Data Center migrations are not something anyone should take for granted. A poorly planned and/or executed migration can have lasting impacts, including: unexpected downtime, interruption to revenue, and customer satisfaction losses.
With corporate data centers and co-location facilities housing the life blood of corporations, impact isn’t limited to a single company or department anymore. Hosted applications, customer portals, ticketing systems, etc are all impacted by even the smallest outage, let alone an unexpected increase in outage window due to poor planning! Migration plans need to include provisions for all affected parties, including customers, vendors, contractors, developers, scheduled reports, auto-support log transmissions (both incoming and outgoing), internal departments, etc. There is nothing worse than a customer not being able to contact your support group because your exchange server, ticketing system and phone system are all on a truck simultaneously. …let’s not even consider the ramifications if that truck crashed!
As you can clearly see, all it takes is one bad planning decision and it can have all kinds of lasting impacts on your business.
When the decision to move a datacenter is made, every facet of not only your data center environment, but your overall IT strategy must be clearly understood prior to starting the planning phase of the project. So, before you begin the data center migration planning process, you need answer a handful of very important questions regarding your upcoming move.
The first question that must be answered is “Why are we moving our datacenter?”
Many factors can precipitate the need for a data center migration – growth beyond current capacities, hosting provider performance, real estate changes, local data center economics, density requirements, staffing considerations, green initiatives, etc. While all of these factors are valid and common reasons to move a data center, understanding the driving force behind your decision will guide the migration project plan.
The next question to answer is “Where are we moving our data center?” This is a multi-part question; one that has lasting impacts in a lot of areas. Are you moving to a corporate owned and maintained facility, or are you moving to a co-lo? Does the new facility have the appropriate bandwidth providers on-net already, or do you need to have fiber run into the building? These types of questions are good to get out of the way early in planning. If you need to dig up a freeway to get fiber to your building, that may take some time…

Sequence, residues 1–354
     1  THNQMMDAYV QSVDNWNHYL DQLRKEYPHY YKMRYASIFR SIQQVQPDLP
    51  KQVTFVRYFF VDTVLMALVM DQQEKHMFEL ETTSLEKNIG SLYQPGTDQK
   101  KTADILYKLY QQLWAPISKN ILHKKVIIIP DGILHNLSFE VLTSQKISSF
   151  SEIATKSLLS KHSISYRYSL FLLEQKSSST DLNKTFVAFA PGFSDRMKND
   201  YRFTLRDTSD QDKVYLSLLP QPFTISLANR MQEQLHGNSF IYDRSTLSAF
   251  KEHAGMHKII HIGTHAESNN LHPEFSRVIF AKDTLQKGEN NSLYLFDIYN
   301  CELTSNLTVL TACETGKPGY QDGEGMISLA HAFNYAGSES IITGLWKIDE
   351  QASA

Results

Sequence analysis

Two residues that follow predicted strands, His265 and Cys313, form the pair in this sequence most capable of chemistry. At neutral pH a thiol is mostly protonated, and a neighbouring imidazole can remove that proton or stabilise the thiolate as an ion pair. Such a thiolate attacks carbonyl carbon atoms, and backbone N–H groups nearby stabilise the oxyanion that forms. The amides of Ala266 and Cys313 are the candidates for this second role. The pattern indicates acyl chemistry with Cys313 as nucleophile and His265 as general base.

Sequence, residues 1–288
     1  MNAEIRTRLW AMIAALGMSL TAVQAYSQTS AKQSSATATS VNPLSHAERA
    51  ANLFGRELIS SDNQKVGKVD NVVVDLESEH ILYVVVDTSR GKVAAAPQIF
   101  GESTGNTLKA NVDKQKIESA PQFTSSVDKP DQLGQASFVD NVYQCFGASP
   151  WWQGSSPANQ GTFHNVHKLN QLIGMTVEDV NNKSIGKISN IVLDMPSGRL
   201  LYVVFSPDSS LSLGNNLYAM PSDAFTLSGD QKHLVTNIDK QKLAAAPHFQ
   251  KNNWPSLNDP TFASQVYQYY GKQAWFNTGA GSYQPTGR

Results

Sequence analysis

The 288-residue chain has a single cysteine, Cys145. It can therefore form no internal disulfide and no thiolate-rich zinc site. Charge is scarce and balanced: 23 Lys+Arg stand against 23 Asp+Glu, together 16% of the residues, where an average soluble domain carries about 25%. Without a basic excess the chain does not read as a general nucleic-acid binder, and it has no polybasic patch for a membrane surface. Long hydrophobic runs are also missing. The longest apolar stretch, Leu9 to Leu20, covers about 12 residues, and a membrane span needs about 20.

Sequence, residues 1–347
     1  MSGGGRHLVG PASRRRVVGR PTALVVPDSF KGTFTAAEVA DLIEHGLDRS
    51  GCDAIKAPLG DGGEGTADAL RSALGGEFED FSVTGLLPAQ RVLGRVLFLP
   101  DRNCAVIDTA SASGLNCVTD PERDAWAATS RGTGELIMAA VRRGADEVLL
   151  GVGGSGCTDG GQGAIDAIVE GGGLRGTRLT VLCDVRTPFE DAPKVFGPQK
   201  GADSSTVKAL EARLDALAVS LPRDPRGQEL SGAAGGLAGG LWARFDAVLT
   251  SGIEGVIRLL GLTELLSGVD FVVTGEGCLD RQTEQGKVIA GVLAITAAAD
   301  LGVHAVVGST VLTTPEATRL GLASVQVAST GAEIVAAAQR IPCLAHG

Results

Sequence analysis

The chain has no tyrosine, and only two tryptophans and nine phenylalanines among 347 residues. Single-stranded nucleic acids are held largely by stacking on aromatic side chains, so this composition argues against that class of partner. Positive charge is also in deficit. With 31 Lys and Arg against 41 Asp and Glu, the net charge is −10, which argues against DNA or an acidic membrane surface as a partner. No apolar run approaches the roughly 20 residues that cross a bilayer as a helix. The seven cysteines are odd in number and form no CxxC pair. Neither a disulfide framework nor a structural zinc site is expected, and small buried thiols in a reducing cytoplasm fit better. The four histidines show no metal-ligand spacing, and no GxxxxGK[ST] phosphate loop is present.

“When are we moving?” Are you planning a move several quarters or years from now? If a full site build is required, you may begin your pre-move planning years in advance, or as I have experienced more than a few times, is your move literally this weekend? Both scenario’s above have benefits and drawbacks, a long planning phase may root out issues you may miss in a faster paced migration, but the state of constant change in the data center may render your equipment list and move plan extinct several times during planning. I am an advocate for “as much notice as possible, within reason…” I know things change. Move specifications change up until 3 days after we are done with a move in many cases. Things that were on the list drop off, (“Backups are still running on machine 7, so we need to move that to the next move phase”) and they also jump on the list at the last minute, (“if you can grab box 47 as well, you will make my boss and my developer very happy…”). It happens…plan for it. Which leads me to…